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Wednesday, April 18, 2012

Jeff Pelline, where is your outrage?

It seems our illustrious Governor attended a "global warming" rally chaired by a "scientist" named Bill McKibben last night in Nevada City.  HERE is the Union article.  I was shocked, shocked I tell you, that Jeff Pelline did not post a critical article on why the opponents of "man-made global warming" were not there to counter the carbon hater McKibben.  Since Mr. Pelline writes screed after screed about this issue of "fairness" all the time (against the Union Newspaper no less), I assumed  he would entertain us with a lengthy article.  Well, maybe not.

I will leave the science up to the Russ Steele's and George Rebane's and Anthony Watts.  I was interested in the attendance of our Governor and others who actually believe this McKibben character and his bag of hooey.  I don't recall in the Union article any comments from McKibben about the "little ice age" or the fact the earth is cooling for the last 15 years, but hey, when you get those government grants in the untold millions of buckos, why undermine the mantra?

The Gov used to own some land on the Ridge I heard.  There was an apparent scandal concerning the growing of a bright green plant on it I also heard.  Oh, well, maybe it was a "carbon sink".  With AB32 being implemented in the most "fascist" of government ways, Californians will soon give up their SUV's and gasoline powered lawnmowers for the "coal fired" electric Prius's and push mowers.  Oh goody!  All the progress our once "golden state" showed the world will be changed for the likes of Mary Nichols and the "moonbeam" (oh and thanks for nothing Arnie).  The result will be the return of humans to the cave, but there are not enough caves.

When one wants to build their house on their own property in California, we can see first hand the results of these "carbon" hating types like McKibben and Nichols etal.  Hell, every light fixture, electrical switch and light bulb must be approved by these nuts.  The "codes" one must adhere to are adding tens of thousands of hard earned dollars to the cot of the house.  First through the need to hire "experts" to draw the plans and comply with the gazillion rules, then through the "plan check" and "comprehensive site plans" then onto the actual construction of your home!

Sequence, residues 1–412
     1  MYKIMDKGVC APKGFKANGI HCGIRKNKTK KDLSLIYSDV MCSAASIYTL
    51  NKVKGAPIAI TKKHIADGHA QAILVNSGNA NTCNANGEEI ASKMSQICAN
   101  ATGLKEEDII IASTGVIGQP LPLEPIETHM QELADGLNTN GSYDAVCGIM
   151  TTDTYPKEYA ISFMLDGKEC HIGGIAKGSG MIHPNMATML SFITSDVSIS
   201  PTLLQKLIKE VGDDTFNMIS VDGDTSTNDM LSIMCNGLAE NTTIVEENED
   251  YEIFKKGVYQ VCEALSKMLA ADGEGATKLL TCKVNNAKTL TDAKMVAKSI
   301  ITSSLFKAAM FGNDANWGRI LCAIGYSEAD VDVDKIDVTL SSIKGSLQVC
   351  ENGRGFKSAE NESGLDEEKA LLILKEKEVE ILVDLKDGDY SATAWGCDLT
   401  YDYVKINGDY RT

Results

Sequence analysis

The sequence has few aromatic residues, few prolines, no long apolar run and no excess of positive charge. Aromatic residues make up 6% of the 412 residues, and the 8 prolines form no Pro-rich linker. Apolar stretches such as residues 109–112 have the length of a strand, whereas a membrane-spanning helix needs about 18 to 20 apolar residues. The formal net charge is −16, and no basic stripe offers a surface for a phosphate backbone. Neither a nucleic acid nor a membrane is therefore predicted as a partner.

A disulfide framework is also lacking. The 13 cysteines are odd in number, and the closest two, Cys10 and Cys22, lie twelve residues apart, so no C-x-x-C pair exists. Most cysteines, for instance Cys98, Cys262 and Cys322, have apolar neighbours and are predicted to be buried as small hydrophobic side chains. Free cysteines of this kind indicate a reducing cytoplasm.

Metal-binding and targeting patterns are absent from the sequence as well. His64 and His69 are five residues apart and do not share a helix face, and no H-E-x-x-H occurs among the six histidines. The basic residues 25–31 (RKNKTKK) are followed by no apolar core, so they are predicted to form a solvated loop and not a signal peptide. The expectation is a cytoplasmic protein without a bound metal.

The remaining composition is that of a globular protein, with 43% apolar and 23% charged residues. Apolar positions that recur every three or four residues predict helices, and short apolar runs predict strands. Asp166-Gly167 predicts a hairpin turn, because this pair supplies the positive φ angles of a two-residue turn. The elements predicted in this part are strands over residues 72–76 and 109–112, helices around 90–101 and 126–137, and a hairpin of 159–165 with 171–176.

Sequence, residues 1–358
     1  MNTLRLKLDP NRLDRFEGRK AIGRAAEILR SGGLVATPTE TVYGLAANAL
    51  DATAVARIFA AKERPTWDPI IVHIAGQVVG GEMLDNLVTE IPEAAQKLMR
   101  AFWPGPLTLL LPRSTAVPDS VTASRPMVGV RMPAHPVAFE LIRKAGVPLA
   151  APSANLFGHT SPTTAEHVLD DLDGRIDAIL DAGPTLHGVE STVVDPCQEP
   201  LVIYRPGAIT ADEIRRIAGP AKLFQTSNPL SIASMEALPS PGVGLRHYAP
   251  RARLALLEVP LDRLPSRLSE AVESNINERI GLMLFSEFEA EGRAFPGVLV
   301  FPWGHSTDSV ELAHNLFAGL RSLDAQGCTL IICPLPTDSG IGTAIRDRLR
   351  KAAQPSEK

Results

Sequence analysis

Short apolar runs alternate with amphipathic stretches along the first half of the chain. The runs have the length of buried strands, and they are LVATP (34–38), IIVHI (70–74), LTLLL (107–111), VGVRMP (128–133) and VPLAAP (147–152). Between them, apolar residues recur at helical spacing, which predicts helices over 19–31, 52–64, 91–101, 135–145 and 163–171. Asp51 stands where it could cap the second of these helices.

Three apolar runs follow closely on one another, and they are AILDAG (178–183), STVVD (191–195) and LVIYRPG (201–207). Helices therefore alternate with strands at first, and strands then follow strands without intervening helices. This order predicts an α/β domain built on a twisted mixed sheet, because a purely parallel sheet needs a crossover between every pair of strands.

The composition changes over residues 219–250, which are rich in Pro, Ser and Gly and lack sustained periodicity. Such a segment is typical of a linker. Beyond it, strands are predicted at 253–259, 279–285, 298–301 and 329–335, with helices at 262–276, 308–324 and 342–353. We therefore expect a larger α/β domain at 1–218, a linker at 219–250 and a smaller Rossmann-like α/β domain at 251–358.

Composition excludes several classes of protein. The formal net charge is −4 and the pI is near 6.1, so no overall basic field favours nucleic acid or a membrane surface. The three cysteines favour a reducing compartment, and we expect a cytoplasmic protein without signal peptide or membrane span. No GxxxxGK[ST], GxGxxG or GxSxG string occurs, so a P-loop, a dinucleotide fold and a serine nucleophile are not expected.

These are the practical affects of the McKibbens and their philosophy.  Every time you pay five bucks a gallon at the pump, 55 bucks for a light bulb and the plan check fees to the county (implementing the "energy regulations" of the state and feds), you can thank the McKibbens of the "scientific" community.  For all their so-called concern for the people on the planet.  To me it is simply that they just want to tell others how to live their lives.  The science has been challenged yet apparently not a peep of dissent at the "meeting" last night.  Not a peep from the Pelline's that a contra person should have been on the dais to counter the true believers in AGW.  No wonder the McKibbens and Pellines have become irrelevant.

14 comments:

  1. Todd,

    Thanks for the input. How big was the audience? Well attended or more sparse attendance? How many would you estimate?

    I was running late and just decided that $20.00 for only part of the show was too much.

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  2. I did not notice Toddy actually saying he attended. Did you attend Todd?

    SF

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  3. Russ, My info was from an attendee and the Union. I was at the troops packing party.

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  4. Todd, since you are so positive that the great majority of the world's scientists doing research on this topic are wrong and the so called deniers are right--I'm not a scientist either--I have a question for you, or Mr. Steele. I feel the proper question is never being asked or answered. Specifically, how can the pristine environment--with all its various ecosystems--not be affected 0nce the Industrial Revolution began, accellerated, pouring hundreds of thousands of tons of chemicals in their various forms into this once pristine and in balance environment? As a child I know if I didn't maintain the proper chemical balances in my aquarium, the fish died.